Hillary Clinton: You’ve got Mail

Line of mail boxes

update

And then there’s this.

Earlier

There was a great deal of noise about the State Department’s release of Hillary Clinton emails yesterday, including the fact that 22 were kept back because they’re now deemed “Top Secret”.The timing couldn’t be worse because of the Iowa caucus on Monday, but in defense of the State Department, much of that is because of a schedule demanded by the Judge presiding over the FOIA request.

I find it unlikely this will have an impact on Clinton’s chances. One day later, the story has dropped from the headlines, probably because there’s been so many email releases, so many exclamations about “confidential information”, yet most of the “confidential” information has been so much ado about nothing.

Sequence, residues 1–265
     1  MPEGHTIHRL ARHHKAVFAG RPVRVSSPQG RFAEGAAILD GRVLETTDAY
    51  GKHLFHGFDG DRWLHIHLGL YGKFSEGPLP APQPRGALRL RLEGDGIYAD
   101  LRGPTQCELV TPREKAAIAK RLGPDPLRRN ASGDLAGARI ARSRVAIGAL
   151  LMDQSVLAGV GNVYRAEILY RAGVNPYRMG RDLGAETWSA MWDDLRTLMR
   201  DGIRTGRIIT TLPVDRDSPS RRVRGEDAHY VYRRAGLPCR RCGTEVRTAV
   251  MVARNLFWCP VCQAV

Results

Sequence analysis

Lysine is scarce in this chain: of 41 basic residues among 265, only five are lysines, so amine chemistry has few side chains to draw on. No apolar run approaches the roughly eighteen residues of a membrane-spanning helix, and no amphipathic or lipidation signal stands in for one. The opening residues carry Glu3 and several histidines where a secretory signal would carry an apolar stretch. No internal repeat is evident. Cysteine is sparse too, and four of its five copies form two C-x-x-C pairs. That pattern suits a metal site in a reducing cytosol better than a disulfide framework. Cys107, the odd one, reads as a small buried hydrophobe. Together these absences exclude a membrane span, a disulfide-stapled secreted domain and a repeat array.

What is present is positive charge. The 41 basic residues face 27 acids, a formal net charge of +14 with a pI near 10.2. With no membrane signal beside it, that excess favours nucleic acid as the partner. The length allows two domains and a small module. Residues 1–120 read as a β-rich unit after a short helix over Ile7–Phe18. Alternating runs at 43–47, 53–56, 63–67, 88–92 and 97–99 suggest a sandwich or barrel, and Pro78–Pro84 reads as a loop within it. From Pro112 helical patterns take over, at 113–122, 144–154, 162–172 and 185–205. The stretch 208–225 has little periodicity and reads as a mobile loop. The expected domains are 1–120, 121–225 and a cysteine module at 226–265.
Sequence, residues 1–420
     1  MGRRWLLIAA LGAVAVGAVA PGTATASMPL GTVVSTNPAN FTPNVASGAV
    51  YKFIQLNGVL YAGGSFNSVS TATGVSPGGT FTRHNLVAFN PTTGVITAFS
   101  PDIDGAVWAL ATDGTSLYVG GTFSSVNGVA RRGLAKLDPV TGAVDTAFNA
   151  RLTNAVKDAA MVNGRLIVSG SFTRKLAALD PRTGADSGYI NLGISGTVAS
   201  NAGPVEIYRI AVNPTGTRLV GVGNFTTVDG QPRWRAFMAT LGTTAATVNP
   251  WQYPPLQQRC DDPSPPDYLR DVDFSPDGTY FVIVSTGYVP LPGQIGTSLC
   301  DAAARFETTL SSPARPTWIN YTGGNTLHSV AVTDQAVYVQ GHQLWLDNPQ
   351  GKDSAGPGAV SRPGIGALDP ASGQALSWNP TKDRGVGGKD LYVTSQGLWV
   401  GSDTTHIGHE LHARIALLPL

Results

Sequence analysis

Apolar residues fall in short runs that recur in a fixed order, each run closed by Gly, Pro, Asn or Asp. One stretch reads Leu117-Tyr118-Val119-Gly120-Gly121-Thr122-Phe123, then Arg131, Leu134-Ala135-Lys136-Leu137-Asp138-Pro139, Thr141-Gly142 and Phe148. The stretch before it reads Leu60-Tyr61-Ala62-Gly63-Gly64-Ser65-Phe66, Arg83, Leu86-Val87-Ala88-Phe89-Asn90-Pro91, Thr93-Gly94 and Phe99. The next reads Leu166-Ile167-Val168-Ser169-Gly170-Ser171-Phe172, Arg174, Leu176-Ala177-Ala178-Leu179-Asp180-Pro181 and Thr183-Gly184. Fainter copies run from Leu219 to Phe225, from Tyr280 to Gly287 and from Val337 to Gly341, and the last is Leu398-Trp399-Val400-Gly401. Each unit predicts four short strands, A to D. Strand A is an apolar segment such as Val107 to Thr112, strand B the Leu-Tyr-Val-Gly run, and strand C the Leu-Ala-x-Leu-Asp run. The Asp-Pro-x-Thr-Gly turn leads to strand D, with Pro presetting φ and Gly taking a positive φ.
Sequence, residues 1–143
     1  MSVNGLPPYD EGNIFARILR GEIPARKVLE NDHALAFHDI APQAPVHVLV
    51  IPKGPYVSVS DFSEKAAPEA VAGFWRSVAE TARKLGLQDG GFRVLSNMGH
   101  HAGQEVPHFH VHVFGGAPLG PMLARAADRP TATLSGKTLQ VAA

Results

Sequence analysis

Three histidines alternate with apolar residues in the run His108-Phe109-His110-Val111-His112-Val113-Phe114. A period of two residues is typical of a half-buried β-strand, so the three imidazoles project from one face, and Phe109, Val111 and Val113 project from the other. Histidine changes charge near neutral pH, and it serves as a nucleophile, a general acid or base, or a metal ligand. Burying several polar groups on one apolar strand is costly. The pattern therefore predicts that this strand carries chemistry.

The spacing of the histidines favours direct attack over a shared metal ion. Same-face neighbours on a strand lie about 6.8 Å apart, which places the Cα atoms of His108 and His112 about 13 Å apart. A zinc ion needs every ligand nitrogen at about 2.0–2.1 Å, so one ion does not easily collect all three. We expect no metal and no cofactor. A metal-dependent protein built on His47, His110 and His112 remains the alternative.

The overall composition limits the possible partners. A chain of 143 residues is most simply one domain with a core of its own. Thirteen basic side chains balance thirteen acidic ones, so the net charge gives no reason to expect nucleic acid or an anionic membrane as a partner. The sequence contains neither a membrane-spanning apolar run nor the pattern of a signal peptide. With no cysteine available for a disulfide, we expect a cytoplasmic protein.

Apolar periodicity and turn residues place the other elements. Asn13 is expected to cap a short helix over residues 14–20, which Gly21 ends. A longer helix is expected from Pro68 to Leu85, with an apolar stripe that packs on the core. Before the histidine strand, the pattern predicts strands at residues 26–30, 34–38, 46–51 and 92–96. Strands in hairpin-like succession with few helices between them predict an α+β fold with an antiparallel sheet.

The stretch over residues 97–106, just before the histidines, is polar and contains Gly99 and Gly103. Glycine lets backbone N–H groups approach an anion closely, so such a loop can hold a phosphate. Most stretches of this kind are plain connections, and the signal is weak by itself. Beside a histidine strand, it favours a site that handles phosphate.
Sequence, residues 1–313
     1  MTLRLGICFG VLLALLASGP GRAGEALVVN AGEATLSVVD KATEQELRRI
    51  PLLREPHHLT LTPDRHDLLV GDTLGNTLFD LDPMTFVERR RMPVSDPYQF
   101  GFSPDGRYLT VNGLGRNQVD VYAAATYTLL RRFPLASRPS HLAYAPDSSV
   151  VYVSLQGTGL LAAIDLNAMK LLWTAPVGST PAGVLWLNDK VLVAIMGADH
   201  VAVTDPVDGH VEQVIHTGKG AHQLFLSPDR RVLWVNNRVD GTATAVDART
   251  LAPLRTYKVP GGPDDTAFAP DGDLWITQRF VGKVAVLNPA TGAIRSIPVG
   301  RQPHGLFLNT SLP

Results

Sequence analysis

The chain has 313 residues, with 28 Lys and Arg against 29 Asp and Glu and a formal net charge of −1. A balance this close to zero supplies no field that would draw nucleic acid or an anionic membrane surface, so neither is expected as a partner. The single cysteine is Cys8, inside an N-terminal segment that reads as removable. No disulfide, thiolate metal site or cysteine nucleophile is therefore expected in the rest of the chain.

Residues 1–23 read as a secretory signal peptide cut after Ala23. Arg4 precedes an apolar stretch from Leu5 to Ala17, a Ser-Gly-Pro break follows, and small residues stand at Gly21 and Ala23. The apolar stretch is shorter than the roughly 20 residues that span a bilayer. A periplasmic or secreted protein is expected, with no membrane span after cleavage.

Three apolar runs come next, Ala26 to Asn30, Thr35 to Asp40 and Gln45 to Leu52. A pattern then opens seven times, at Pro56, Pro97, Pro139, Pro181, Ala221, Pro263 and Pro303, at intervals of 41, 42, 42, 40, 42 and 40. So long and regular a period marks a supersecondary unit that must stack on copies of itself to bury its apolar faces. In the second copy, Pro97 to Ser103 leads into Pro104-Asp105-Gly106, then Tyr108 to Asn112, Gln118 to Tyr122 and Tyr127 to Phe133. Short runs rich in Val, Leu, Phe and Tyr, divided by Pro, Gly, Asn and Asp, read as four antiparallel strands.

As an example of that faux confidentiality, the Daily Caller posted an article yesterday about four emails that, rather than undermining Clinton’s credibility, actually provides some of the best evidence supporting Clinton’s claims that she never divulged classified or secret information. In its article, Four Sid Blumenthal Emails in Latest Clinton Release are COMPLETELY Classified, they breathlessly write.

The email is redacted in full, save for the names “Hillary” and “Sid.” The emails are classified as confidential and redacted in full because they contain foreign government information and information related to foreign relations and foreign activities.